By the Kofan, Siona, Secoya and Waorani women of our indigenous partner organization, Ceibo Alliance


As indigenous women, we have never had a Women’s Day. We know that there are women who died for this day in the Western world. So it is not a day of celebration; it is a day for commemorating and for resilience, so that we do not lose everything that was achieved through these women’s struggles. It is a day to continue working towards an equitable society.

Today, in our society and in our communities, there is machismo and violence against women. These are bad habits that have developed within our society. But we all have the same capacity, we all have the same rights, we can all express ourselves. We are equal, men and women. We don’t want any more discrimination and this is why we are uniting and fighting more and more to defend our rights.


All people need a healthy environment. In the past, we had a clean and pure forest with many animals. But oil exploitation contaminated our territories. As we lose our land, we lose our identity. Our culture is being lost more and more.

As women, we have always been a central part of the struggles of our peoples. The forest is our home. But in the western Amazon, we still don’t have many women leaders. We want to continue empowering ourselves and empowering our daughters. It’s really urgent for women to take on this fight and lift each other up. Together we are very powerful.

As the Ceibo Alliance, we, indigenous peoples of four nations — Siona, Siekopai, Kofan and Waorani — have united, to defend our territories and our rights. Unity builds strength, and that’s why we also want to cultivate more spaces for exchanges with women from other indigenous nations: we want to get to know each other, build alliances, and strengthen each other. We are doing this for our territories, our families, our communities, our indigenous nations – and for the Amazon, the lungs of our world, which gives life to our planet. If we take care of the Amazon, we can combat climate change.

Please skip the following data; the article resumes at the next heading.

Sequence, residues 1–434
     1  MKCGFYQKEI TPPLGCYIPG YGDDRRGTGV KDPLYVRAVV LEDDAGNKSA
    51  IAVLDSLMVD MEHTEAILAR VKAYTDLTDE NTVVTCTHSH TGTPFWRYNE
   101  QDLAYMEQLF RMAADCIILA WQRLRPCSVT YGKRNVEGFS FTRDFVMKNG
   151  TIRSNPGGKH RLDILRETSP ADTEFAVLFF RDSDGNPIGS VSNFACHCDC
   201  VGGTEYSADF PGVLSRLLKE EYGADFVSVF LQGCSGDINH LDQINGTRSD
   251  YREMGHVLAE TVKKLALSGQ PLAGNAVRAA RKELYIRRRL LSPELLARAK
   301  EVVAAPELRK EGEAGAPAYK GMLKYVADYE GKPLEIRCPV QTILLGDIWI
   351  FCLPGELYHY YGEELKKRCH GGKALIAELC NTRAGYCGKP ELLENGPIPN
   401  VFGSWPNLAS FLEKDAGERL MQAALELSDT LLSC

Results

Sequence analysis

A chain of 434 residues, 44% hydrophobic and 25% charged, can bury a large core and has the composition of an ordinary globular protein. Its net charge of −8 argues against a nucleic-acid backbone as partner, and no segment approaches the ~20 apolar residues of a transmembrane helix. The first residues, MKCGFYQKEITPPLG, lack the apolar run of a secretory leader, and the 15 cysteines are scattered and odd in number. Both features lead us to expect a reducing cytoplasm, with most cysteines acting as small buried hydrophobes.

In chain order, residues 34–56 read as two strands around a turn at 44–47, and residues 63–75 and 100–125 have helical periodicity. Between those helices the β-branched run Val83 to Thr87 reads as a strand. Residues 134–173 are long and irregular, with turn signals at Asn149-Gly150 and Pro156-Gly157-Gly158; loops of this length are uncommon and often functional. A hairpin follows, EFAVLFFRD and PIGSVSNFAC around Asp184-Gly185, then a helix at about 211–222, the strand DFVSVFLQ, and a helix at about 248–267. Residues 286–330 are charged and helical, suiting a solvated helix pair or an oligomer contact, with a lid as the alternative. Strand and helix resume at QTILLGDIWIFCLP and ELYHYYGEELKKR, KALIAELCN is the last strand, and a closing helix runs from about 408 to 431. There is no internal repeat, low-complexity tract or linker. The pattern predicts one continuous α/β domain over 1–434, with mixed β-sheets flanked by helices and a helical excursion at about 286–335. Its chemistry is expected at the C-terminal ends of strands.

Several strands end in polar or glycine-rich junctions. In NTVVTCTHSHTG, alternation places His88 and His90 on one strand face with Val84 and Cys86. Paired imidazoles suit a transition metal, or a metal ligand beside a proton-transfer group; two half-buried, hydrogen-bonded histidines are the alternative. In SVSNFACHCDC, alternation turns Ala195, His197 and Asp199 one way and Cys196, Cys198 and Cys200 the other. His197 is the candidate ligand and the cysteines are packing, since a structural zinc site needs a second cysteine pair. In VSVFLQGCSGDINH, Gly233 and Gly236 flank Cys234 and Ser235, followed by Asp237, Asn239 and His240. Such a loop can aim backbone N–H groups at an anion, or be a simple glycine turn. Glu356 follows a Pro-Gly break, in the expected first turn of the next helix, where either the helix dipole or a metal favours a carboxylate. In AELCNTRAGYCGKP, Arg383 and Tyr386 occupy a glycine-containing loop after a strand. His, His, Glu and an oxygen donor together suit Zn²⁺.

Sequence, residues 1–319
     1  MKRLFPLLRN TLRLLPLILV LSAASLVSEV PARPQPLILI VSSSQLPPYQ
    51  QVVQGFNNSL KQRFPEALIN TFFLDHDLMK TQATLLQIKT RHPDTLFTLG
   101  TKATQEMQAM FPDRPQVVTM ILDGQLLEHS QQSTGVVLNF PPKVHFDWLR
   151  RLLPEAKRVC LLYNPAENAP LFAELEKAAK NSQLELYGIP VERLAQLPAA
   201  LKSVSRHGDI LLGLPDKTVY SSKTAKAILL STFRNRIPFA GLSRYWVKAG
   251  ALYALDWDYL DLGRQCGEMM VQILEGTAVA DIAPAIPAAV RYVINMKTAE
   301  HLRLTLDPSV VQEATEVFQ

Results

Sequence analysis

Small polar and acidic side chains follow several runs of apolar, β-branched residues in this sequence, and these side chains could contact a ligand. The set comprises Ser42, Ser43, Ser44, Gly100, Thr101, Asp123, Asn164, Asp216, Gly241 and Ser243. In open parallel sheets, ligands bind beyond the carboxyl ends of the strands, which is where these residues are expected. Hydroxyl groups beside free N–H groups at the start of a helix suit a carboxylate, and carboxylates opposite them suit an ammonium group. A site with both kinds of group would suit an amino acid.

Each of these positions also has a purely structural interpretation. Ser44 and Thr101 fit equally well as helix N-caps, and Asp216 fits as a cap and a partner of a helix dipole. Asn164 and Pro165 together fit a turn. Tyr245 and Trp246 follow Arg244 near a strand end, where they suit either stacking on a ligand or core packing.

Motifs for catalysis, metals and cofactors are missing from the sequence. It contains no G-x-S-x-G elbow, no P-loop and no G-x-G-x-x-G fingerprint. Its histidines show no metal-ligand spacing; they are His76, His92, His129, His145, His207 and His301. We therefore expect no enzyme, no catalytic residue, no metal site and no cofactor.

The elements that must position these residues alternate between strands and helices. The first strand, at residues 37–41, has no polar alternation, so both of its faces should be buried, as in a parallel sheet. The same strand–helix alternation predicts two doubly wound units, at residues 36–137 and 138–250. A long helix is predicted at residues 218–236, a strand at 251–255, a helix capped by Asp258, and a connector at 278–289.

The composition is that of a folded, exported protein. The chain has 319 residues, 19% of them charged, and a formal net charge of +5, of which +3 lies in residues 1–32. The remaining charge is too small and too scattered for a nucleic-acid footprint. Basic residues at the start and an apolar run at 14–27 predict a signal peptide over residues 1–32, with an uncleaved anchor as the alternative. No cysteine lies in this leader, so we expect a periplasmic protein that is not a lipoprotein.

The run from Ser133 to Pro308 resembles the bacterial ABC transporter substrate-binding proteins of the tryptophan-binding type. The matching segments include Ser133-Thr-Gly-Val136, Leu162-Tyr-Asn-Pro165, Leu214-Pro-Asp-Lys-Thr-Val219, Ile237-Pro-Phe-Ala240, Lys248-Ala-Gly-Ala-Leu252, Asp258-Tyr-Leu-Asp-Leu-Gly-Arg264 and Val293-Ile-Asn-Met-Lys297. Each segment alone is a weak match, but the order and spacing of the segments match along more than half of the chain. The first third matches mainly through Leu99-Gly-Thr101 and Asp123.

Our languages and cultures are connected to the forest. We want to recover our culture, we want our traditions to be kept alive and for our world views to be valued. As women, we have always played a fundamental role in our communities and our homes, day to day. It is the women who are responsible for teaching, guiding, advising and looking after our children and our lands. Our grandmothers have a lot of wisdom, we must value them.


As Amazonian women, we coexist with nature. We have a strong relation with our Mother Earth. We are the ones who are closest to the land because in the forest we are the ones who sow and harvest. And like water, we give life, we give birth. We look after our children and we use medicinal plants for healing.

This connection with the land and our territory gives us strength to continue fighting against the oil companies and other extractive industries. Without our territory, there is no life. Everything is connected with the forest — with the spirits.


We, women of the western Amazon, call upon all Amazonian women and women around the world to unite. We must unite to protect nature, to defend our territories against extractive industries and combat inequality and injustice. And for this reason, we do not want it to be only women joining this struggle: this struggle belongs to everyone. It is for life, harmony and peace in the world.


Click on the link to get involved and support the indigenous-led movement for women’s equality, dignity and future generations in the Amazon.

Amazon Frontlines

Amazon FrontlinesDefending indigenous rights to land, life and cultural survival in the Amazon rainforest.

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